Paduka Sahasram, literal meaning "1000 verses on the padukas of the Lord", is devotional poetry extolling the virtues of worshipping the Paduka (feet) of god Vishnu whose deity is enshrined in Sri Ranganathaswamy Temple in Srirangam in Tamil Nadu. It is considered a sacred script of the Sri Sampradaya or Sri Vaishnavism, who are known by the surname Iyengar, also spelt Ayyangar in South India. The Sahasram was composed in 1008 verses in 32 chapters by Swami Vedantha Desika, a follower of the Vishishtadvaita philosophy propounded by saint Ramanujacharya. It is also said that Desika composed this magnamopus, as a challenge to his rival group of Tengalai Iyengars (Iyengars belonging to the southern school of the Srivaishnava philosophy), in one yamam of a night meaning one quarter of a night, which was acclaimed as a master piece of religious poetry and he was awarded the title of Mahakavi. The eulogy of the Lord's Paduka by Desika is spun around Rama's sandals (Paduka), which ruled the kingdom of Ayodhya for 14 years. He propounds that it was due to the special relationship that people of Ayodhya had with Rama's Paduka that they attained liberation, meaning salvation in life.[16][17]

Paduka Poojan done during Satchidanand Utsav
Guru Paduka Sthothram

Adi Shankaracharya has also written nine devotional verses under the title "Guru Paduka Sthothram" as salutations to his guru, in this case meaning the Lord. The English language translation of the first verse means:[18]

Salutations and Salutations to the sandals of my Guru,
Which is a boat, which helps me, cross the endless ocean of life,
Which endows me, with the sense of devotion to my Guru,
And by worship of which, I attain the dominion of renunciation.

Paduka Poojan (Worship of Paduka)

As per Ramayana (an ancient Indian epic), Bharatha (brother of Lord Rama, Indian Hindu Deity) requested for the pious paduka of Lord Rama so that they can be placed on the throne on behalf of the Lord till he returned from the 14 years of long exile. Bharatha worshipped his padukas in his absence. This was the first universal Paduka Poojan (worship) of Lord Rama performed by Bharatha and hence called the first universal Satchidananda Utsav (Celebration of Truth, Consciousness and Bliss)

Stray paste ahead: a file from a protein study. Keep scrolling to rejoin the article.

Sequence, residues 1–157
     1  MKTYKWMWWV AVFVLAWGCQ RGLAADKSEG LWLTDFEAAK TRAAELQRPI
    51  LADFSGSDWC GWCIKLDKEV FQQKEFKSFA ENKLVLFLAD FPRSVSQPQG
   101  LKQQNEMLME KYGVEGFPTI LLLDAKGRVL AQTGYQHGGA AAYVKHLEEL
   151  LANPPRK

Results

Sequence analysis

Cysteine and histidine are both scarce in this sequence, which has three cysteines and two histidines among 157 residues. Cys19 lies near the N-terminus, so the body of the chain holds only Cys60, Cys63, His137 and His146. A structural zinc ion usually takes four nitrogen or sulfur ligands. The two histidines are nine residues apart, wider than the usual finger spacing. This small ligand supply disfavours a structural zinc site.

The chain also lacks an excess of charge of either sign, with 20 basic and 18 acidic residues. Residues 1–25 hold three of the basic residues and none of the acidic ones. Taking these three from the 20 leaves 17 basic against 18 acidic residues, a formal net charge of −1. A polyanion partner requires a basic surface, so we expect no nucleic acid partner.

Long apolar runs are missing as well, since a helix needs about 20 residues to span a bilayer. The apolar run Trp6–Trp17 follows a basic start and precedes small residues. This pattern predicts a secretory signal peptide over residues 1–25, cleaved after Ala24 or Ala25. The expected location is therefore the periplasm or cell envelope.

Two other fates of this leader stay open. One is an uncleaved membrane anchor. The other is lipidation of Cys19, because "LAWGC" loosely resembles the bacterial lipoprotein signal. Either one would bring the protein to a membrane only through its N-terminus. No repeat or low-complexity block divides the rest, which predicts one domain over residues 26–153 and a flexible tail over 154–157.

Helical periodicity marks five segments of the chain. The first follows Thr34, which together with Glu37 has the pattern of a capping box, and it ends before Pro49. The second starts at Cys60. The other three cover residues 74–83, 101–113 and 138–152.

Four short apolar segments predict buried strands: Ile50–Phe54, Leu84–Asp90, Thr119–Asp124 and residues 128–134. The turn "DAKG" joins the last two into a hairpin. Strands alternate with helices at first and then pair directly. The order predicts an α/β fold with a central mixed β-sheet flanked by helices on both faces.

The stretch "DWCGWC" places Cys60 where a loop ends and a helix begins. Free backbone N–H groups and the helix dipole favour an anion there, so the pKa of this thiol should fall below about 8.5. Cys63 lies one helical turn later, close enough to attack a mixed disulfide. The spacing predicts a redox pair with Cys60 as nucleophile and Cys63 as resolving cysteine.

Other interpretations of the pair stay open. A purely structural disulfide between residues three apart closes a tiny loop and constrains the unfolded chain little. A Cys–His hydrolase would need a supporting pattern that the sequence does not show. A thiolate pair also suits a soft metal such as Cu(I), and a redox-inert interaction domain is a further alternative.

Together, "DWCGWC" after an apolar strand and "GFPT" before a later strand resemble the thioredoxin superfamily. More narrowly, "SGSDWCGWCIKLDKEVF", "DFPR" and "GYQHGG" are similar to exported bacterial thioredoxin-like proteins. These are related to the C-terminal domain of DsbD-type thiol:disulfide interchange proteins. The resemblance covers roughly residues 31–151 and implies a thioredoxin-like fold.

"Satchidananda Utsav" is organised by Sadguru Shree Aniruddha Upasana Trust (Mumbai, India) and celebrated every year on the second Saturday of the month of "Margashirsha"(ninth month of Hindu calendar). It is usually performed for two to five consecutive days. The holy paduka's worshipped during the Satchidananda Utsav are prepared from the paper pulp of Ram Naam books issued by Aniruddha's Universal Bank of Ram Naam and written by thousands of devotees across the world.[19][20][21][22]



  1. ^ a b c d "britishmuseum.org".
  2. ^ a b All About Shoes - The Bata Shoe Museum
  3. ^ "The Paduka". Retrieved 26 December 2009.
  4. ^ a b c "Paduka". Fashion Encyclopedia. Archived from the original on 2 February 2010. Retrieved 26 December 2009.CS1 maint: BOT: original-url status unknown (link)
  5. ^ a b "Feet and Footwear in the Indian Tradition". Retrieved 26 December 2009.
  6. ^ a b Monier Monier-Williams. "Sanskrit Lexicon". p. 618. Retrieved 27 December 2009.
  7. ^ a b c d e "In the Footsteps of the Divine". Retrieved 26 December 2009.
  8. ^ a b Kampar (1969). Sri Paduka: the exile of the Prince of Ayodhya. Paduka. Ohio University, Center for International Studies. pp. 3, 4. Retrieved 26 December 2009.
  9. ^ a b "The Paduka". Retrieved 26 December 2009.
  10. ^ "The Ivory Padukas". Retrieved 26 December 2009.
  11. ^ "The sandalwood Padukas". Retrieved 26 December 2009.
  12. ^ "Metal Padukas". Retrieved 26 December 2009.
  13. ^ "Vishnupad Temple". Retrieved 26 December 2009.
  14. ^ "Discover Bihar". Archived from the original on 24 September 2009. Retrieved 26 December 2009.
  15. ^ "About Gaya". Retrieved 26 December 2009.
  16. ^ "Swami Swami Desikan's Sri Ranganatha Paadhuka Sahsram". Annotated Translation into English by Oppilippan Koil Sri Varadachari Sahtakopan. Scribd. Retrieved 29 December 2009.CS1 maint: others (link)
  17. ^ "Mediating role". The Hindu. 20 September 2006. Retrieved 29 December 2009.
  18. ^ "Guru Paduka stotram". Retrieved 29 December 2009.
  19. ^ https://www.linkedin.com/pulse/shree-satchidanand-utsav-given-sadguru-aniruddha-bapu-mihir-nagarkar
  20. ^ http://aniruddhafoundation.com/sacchidanand-utsav/
  21. ^ https://www.ancient.eu/The_Ramayana/
  22. ^ http://www.sacred-texts.com/hin/rama/index.htm

External linksEdit